Afraid of which big wolf?
This editorial is a question. About China. Bulletin readers are well educated and articulate, so let’s hear your reflections!
The US vice-president has just left, speaking about many topics including China. Trade, too, NAFTA-2. Canada’s trade with China has been profitable, especially in resources and agriculture, but all this is suffering thanks only to our arrest of a Chinese businesswoman on US request.
That’s the narrative, according to our own state media. Will Mr Pence agree to do for us what his government cannot do for their own economy, viz à viz China? That’s question one.
A deeper question is why is China such a bugbear for us? For Americans, China is a competitor; for us, a customer. Why trash a good customer? If it’s fear, why?
Is it their different system, a “communist” one? Marx would object, I suppose, because China’s government is based on manufacturing and commercial competition. That sounds just like us –except China’s mercantilism is based on profit-making for communal goals, not for individual profit, our ideal. And so what? Don’t we trade with all sorts of regimes, those that behead opponents or drop them from aircraft?
In other matters, China seems close to some of our ideals (broadly) in shifting to non-carbon energy and fighting pollution in the atmosphere, waters, cities, and land. China has declared it will preserve one-quarter of its mass from development, a UN-endorsed ideal.
Is it because China’s aggressive? Let’s compare. List Chinese aggression in the last 50 years, compared to our US benefactors’. China’s real military aggressions are about equal to our own.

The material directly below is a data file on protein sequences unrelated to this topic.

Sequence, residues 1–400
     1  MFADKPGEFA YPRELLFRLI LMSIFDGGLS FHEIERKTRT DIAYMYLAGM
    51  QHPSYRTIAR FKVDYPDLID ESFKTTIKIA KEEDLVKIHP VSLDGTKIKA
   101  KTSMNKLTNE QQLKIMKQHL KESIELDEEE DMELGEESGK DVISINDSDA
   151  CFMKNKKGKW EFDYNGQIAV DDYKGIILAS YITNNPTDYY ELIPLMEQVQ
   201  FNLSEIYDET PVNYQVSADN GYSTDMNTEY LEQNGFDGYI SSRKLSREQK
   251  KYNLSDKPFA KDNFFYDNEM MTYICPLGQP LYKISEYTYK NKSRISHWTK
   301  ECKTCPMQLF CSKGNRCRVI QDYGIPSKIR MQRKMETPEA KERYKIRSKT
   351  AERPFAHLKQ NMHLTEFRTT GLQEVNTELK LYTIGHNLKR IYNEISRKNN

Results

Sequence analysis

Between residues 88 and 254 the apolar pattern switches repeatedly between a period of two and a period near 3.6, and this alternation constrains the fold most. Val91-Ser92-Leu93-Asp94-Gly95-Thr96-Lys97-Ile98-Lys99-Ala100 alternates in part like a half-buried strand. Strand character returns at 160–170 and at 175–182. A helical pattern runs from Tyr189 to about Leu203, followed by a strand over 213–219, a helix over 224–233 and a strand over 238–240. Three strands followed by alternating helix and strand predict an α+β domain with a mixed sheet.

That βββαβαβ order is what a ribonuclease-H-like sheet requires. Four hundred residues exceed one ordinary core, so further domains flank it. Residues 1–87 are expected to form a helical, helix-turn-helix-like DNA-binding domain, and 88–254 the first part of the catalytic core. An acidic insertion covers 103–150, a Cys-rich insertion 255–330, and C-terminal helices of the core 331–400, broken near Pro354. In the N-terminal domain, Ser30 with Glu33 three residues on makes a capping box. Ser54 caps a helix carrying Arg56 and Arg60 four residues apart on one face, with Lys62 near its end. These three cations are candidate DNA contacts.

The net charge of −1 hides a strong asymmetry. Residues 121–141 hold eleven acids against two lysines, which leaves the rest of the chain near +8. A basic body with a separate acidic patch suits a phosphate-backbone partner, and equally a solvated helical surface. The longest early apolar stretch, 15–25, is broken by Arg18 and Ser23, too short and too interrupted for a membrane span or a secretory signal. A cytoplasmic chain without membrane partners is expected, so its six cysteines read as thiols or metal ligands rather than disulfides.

Foreign influence? China’s Belt and Road Initiative – threatening? Maybe in some hypothetical future, but compared to US foreign policy? Or the interventions of US non-governmental actors, like evangelicals, in Brazil, Guatemala, Honduras, Colombia, Uganda ...
Or we fear China’s theft of scientific and industrial advances? But isn’t China now outspending the US and Canada on scientific research, universities, scholarships, etc.?
Or is the source of our fear in general because we sit on a treasure-trove of natural resources with only a miniscule population to protect it? We need either a super-military or an alliance with a less-threatening empire, and we’ve opted, historically, for our neighbours’ empire?
And it’s not merely the arrest of a Chinese executive. Canada is part of the informal “Five Eyes” who share intelligence on China’s activities. We’re members of the L9 group which counters Chinese economic networking – and Canada has intervened in Chinese domestic affairs (re the Uighur minority). Canada is no innocent bystander but deeply embedded in the American Empire which has surrounded China, as best it can. Yet we claim to be afraid?
These questions are not to excuse China for anything but to understand our own continual economic self-harm, based on “fear”. Why do we do this?
And, finally, isn’t a distant bully preferable to one next door?